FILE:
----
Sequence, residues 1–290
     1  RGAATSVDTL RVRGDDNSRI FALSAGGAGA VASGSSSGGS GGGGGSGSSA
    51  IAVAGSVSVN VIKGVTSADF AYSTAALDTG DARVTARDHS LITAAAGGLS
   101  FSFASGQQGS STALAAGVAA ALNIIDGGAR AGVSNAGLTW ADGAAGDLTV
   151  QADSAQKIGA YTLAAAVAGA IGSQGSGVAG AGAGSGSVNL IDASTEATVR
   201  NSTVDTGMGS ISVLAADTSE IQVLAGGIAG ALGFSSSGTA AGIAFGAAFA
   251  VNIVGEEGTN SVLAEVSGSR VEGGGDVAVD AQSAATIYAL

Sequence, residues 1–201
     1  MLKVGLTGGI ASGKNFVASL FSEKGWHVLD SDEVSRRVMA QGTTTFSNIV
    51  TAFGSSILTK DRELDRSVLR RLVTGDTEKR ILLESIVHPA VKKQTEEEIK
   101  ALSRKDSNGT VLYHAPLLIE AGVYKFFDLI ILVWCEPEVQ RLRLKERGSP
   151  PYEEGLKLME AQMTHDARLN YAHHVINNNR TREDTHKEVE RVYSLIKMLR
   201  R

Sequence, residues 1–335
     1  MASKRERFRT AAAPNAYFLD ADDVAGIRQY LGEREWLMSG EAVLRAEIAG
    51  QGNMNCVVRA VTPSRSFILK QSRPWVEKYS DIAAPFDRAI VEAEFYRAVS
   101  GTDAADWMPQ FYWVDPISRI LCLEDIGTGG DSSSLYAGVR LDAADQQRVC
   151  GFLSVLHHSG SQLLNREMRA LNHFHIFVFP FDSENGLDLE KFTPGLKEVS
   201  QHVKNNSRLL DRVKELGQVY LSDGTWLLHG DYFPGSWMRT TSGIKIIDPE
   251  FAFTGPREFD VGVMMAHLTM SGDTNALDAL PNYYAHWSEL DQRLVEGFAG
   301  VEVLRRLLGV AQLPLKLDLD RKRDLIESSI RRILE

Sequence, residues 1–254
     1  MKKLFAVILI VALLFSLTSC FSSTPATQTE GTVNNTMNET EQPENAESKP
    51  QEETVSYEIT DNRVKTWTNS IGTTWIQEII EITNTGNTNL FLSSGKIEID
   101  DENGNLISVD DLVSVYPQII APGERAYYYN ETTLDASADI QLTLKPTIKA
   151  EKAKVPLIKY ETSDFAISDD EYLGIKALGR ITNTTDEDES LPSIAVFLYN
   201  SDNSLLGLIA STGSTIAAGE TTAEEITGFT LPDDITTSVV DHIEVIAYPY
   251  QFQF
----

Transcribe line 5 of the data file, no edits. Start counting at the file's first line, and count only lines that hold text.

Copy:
   151  QADSAQKIGA YTLAAAVAGA IGSQGSGVAG AGAGSGSVNL IDASTEATVR